As the weather gets warmer and BBQs come out of hibernation, we thought we’d tackle a common dilemma in BBQ circles… Should you cook with the BBQ lid on or off? Although it may sound like semantics, having the lid on or off (depending on what you are cooking) can actually be the difference between perfectly cooked food and food that is just ‘okay’.
The information in this post is adapted from Epicurious and Meathead: The Science of Great Barbecue and Grilling, in which Meathead Goldwyn offers up a simple rule for the BBQ lid conundrum.
Here are some tips for determining whether you should cook with the lid on or off:
Check the Thickness
This is Meathead’s simple rule: If the food you are grilling is 2 cms or less, cook with the lid off. If it is over 2 cms, cover it up!
Closed = Convection, Open = Sear
When you imagine BBQd food, you think of a crusty, slightly charred exterior with a moist, tender interior. This is true for both meat and vegetables on the barbeque. Although the end result is simple enough, the method for achieving these results differs depending on the thickness of the food.
When you close the lid of the grill, you are creating a convection. This means the hot air coming from the heat source is trapped by the lid. Unable to escape, the air moves around the chamber you have created and allows the interior of thicker items to cook thoroughly. Closed lid cooking is much like using an oven.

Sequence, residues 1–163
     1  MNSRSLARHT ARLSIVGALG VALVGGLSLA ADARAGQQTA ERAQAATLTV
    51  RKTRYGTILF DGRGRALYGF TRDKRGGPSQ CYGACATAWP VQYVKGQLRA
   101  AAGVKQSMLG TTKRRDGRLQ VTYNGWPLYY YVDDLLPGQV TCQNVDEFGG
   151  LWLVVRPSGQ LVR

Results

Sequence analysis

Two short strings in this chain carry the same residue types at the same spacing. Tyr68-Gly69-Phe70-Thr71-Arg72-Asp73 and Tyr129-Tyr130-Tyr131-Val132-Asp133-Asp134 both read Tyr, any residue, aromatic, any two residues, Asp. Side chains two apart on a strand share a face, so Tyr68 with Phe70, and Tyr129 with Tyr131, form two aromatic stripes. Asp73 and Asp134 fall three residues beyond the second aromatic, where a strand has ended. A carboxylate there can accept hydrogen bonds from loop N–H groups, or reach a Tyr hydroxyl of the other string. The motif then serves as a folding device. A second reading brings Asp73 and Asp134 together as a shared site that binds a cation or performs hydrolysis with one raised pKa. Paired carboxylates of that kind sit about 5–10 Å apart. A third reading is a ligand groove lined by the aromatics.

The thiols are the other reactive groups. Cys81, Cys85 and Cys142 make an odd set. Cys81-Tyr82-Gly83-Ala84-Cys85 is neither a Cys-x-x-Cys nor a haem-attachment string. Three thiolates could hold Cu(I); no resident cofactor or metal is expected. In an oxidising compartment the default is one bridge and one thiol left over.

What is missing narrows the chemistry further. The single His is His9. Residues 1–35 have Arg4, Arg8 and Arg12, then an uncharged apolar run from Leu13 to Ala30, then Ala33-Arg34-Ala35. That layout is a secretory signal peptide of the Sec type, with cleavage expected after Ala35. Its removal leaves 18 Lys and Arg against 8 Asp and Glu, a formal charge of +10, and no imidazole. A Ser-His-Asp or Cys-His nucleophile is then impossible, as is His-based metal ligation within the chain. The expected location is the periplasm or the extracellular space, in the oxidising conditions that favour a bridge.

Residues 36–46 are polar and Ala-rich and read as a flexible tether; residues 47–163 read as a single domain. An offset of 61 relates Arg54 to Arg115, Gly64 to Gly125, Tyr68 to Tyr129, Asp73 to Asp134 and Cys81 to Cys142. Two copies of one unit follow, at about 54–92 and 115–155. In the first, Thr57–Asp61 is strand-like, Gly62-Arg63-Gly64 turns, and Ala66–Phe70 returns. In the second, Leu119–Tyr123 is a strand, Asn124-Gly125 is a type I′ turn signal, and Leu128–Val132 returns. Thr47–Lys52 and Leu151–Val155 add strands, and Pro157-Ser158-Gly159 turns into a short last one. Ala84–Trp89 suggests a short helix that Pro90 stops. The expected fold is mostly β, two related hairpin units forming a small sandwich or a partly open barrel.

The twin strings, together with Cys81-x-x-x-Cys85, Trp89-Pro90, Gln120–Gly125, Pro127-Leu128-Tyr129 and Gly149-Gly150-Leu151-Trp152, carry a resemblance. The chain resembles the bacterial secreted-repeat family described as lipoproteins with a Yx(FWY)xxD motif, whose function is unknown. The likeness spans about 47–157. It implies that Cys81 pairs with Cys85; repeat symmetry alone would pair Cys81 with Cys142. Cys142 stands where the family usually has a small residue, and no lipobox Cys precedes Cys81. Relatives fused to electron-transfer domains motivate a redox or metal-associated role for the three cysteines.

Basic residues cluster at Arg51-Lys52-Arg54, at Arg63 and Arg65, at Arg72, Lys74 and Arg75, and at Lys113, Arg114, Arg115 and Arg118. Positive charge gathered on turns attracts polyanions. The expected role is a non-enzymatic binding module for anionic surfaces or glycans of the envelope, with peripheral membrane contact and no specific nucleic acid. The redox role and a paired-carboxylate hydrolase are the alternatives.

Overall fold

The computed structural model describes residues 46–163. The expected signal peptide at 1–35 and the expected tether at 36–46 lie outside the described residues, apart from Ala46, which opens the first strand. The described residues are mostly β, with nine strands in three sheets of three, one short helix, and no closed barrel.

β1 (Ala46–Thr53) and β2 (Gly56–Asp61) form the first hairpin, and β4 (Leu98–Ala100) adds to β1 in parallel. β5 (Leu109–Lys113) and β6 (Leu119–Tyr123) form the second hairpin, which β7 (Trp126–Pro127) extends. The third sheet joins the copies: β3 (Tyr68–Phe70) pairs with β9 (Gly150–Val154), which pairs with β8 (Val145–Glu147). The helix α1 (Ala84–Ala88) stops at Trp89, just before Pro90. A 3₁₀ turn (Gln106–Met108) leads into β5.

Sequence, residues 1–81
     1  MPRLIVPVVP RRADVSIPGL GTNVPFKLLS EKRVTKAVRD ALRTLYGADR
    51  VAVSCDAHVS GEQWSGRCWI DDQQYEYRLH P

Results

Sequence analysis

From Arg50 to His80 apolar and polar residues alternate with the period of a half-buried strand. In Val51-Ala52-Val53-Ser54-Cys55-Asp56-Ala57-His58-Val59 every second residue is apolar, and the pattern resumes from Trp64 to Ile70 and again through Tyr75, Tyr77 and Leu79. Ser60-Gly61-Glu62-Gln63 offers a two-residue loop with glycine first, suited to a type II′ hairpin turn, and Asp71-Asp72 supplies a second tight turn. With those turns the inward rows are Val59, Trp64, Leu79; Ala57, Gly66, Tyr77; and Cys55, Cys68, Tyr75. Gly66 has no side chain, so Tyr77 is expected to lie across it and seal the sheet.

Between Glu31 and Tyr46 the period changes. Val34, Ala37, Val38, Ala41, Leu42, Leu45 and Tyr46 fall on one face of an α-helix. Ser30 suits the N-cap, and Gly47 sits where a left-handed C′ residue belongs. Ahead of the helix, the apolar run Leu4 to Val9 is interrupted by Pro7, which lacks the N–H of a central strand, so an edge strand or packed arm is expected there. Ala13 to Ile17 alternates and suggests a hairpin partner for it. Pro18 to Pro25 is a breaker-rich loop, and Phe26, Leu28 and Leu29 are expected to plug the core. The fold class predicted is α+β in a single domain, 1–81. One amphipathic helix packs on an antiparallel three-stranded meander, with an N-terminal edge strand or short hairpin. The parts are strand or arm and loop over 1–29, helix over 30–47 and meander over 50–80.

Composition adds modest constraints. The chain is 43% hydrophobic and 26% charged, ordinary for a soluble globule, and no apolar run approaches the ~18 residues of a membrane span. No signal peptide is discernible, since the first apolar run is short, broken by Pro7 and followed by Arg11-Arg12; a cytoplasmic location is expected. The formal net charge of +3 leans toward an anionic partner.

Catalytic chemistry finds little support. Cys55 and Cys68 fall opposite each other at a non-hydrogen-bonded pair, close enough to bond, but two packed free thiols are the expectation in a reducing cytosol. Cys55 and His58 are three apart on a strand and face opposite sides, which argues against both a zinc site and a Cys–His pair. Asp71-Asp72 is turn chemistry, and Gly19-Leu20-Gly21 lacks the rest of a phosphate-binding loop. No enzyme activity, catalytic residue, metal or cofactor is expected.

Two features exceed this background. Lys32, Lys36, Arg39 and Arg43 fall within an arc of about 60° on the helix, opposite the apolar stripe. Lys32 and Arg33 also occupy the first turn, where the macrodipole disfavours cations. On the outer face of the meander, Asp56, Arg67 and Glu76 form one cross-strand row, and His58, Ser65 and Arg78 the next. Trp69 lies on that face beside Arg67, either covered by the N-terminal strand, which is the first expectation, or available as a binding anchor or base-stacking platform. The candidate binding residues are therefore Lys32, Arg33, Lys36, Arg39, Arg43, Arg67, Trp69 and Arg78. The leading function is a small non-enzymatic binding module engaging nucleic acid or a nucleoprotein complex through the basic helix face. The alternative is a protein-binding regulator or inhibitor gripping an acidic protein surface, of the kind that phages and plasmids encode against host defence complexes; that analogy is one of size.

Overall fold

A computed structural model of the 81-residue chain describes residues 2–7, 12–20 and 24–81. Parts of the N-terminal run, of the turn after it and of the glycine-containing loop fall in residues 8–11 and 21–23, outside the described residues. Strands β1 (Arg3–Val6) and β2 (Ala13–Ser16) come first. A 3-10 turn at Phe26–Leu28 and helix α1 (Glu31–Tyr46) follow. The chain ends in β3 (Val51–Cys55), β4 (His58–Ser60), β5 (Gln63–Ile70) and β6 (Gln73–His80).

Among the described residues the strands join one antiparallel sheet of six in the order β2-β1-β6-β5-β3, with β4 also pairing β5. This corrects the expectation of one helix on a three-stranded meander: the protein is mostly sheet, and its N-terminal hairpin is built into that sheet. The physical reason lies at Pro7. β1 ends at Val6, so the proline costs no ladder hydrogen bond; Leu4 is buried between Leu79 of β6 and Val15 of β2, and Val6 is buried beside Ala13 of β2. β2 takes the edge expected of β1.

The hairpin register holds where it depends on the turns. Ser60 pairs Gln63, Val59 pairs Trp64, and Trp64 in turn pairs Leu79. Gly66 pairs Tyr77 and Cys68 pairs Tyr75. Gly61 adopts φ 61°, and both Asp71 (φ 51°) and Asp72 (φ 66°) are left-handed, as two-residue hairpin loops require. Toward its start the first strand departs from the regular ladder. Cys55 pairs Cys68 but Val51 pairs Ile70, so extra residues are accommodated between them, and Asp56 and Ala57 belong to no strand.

For thinner items, you should cook with the lid open – this allows you to achieve perfect sear without overcooking the interior.
Want to find out more about why we sear steak and other foods? Check out this blog post.
Sometimes, in order to get the best results possible, you will want to cook with the lid on and off to get the perfect balance of a tender centre and caramelised outside (I know, we’re getting technical). You can use this technique for foods that are close to the 2 cm mark. What is the process? First, you should sear the meat directly over the flame. Then, you should move it away from the direct heat source to the side of the BBQ with indirect heat (this is possible if you set up a two zone grill!), shut the lid and let the centre cook through. Alternatively, you can do the opposite and cook the meat with the lid down until the centre is cooked perfectly, then open the lid and move the meat over direct heat and sear it (AKA a reverse sear).
Want some more BBQ tips? Check out:
You’ll be a BBQ expert in no time.